Expo set to boost entrepreneurship to revitalise township economies

In a bid to revitalise township economies, an inaugural conference and expo to ignite entrepreneurship and drive inclusive growth has been launched.

The event aims to present a distinctive opportunity to cultivate a culture of entrepreneurship and enable SMMEs to access skills development, leading to long-term growth and business opportunities.

The theme for the 2023 event is Creating Growth Entrepreneurs, and will serve as a catalyst for enterprise development, aiding the growth and development of Township Economies to deliver not only more jobs but business growth and economic activity.

Siyenza Management which organised the conference said with an estimated 17% of South Africa’s total employment emanating from the informal economy, the conference is set to offer a lifeline for countless families without formal employment.

“The Township Economies Conference and Expo will provide a platform for SMMEs to showcase their products and services, thereby exposing them to other market sectors, and offering opportunities for government and big business procurement. Additionally, it will empower service providers to showcase skill-sets, access financial mechanisms, and facilitate trade between SMMEs,” Siyenza management said.

The conference also had expert speakers who imparted knowledge to address the challenges faced by SMMEs and enable them to sustainably grow their businesses in South Africa’s townships.

Mastercard South Africa customer solutions vice president Shabir Ahmed, one of the panellists at the conference said the current state of township economies in South Africa presents a dynamic landscape with a combination of challenges and opportunities.

“These historically underserved areas face issues such as high unemployment rates, limited infrastructure, and socio-economic disparities. However, it is crucial to recognise the significant untapped potential within township economies, as they can play a vital role in addressing pressing socio-economic challenges,” he said.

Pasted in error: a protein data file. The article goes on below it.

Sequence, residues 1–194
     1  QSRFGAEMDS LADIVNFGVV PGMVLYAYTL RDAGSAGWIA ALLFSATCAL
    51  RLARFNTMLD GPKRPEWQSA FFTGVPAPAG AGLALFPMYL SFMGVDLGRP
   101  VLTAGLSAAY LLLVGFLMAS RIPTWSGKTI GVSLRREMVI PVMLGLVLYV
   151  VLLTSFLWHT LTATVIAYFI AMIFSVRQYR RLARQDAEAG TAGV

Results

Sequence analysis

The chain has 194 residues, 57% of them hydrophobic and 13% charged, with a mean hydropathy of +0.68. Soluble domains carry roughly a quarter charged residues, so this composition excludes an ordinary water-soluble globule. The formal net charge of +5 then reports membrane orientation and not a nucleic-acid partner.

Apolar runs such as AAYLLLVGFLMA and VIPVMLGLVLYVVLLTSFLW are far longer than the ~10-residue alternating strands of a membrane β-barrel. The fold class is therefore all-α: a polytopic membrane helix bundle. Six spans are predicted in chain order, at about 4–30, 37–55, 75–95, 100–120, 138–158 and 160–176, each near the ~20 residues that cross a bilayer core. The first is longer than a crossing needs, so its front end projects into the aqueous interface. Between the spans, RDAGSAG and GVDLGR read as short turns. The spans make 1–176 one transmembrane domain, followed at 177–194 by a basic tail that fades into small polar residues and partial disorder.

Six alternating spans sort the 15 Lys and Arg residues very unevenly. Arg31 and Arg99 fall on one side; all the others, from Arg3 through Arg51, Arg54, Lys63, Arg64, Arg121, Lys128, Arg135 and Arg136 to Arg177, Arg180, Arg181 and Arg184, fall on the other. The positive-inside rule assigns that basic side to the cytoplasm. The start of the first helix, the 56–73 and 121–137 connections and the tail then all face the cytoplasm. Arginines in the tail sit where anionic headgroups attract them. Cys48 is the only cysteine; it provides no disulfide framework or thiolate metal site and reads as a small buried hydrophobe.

According to Ahmed, despite often being overlooked, township economies have the capacity to tackle obstacles such as inadequate education, pervasive poverty, and alarmingly high unemployment rates, which currently stand at 39.9%.

“To fully harness this potential, it is crucial to address existing barriers, including the lack of digitisation and heavy reliance on cash-based transactions.

“Recent research highlights the considerable market value of township economies, estimated at R900 billion, with approximately R150 billion spent annually in cash at spaza shops alone. These contributions constitute 5.2% of South Africa’s GDP and provide employment opportunities for 2.6 million individuals,” he said.

Ahmed said formalising and digitising the sector holds tremendous potential for South Africa’s GDP.

“As informal businesses transition into the formal economy, economic activity and productivity surge. With formalisation, businesses gain access to formal financial services, facilitating increased investment and expansion,” he said.

Sage Small Business Africa & Middle East vice-president Viresh Harduth said by leveraging digital transformation and embracing technology, township businesses can overcome challenges, unleash their full potential, and thrive in today’s dynamic business landscape.

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